Financial Definition of MCC
What It Is
How It Works
A borrower pays a specific amount of interest over the course of a mortgage. Some of this interest may be tax deductible provided that buyer meets certain income requirements. In addition, some borrowers may qualify for MCCs if they meets certain conditions pertaining to previous homeownership, income, purchase price and whether or not the home is the primary residence.
The broker or lender sometimes considers the estimated tax credit amount as "additional income" in order to help them qualify for the mortgage. For example, let's say a borrower paid $800 in interest during a given year and qualifies for a 30% mortgage credit certificate. Because of the credit, the borrower will pay taxes on less of his income ($800 x 30% = $240). This $240 savings can be considered extra income when qualifying for a loan.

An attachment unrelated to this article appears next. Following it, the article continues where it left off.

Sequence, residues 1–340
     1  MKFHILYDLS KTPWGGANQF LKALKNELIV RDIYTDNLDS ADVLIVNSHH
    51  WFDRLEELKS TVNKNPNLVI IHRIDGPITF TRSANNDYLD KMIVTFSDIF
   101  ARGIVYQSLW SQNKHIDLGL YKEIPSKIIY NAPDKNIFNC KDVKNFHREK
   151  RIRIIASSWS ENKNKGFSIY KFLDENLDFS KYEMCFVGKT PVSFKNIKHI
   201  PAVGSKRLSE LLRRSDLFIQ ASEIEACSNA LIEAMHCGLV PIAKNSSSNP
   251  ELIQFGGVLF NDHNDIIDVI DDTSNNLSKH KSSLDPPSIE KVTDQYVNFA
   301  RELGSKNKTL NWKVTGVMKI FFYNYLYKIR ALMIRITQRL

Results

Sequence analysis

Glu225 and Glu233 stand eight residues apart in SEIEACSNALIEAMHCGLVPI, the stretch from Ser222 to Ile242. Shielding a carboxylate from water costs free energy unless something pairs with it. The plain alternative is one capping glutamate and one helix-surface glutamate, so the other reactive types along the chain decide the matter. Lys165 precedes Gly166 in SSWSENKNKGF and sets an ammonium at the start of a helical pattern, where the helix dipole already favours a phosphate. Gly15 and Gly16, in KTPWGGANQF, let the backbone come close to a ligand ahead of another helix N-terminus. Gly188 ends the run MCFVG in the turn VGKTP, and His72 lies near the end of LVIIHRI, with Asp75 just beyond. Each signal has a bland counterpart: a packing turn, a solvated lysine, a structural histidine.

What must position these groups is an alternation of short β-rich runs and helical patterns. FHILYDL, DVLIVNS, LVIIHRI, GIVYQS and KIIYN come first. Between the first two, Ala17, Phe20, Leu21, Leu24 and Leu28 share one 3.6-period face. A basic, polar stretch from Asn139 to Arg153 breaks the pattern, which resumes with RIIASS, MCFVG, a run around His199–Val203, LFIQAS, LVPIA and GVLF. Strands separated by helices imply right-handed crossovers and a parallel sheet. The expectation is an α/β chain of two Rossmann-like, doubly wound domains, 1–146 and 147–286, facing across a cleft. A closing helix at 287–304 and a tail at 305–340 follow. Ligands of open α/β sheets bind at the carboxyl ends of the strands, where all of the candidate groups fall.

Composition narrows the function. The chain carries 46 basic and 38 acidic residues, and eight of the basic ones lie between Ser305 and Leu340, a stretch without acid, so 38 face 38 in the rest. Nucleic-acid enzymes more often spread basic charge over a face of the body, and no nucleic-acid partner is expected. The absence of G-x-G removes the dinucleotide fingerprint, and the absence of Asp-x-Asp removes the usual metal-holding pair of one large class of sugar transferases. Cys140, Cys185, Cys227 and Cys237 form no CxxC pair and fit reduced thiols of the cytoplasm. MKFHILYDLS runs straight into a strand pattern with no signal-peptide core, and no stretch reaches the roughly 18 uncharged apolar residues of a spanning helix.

Why It Matters
Mortgage credit certificates are issued as part of state-run initiatives meant to promote more affordable homeownership. The mortgage credit certificates reduce taxes for first-time buyers and help bring them closer to qualifying for a mortgage. However, there are some instances where state or local governments allow additional homebuyers to qualify for MCCs who would not otherwise given the opportunity. This is usually in cases of natural disasters where the government wants to stimulate redevelopment as quickly as possible.
Learn More about mcc
Britannica.com: Encyclopedia article about MCC
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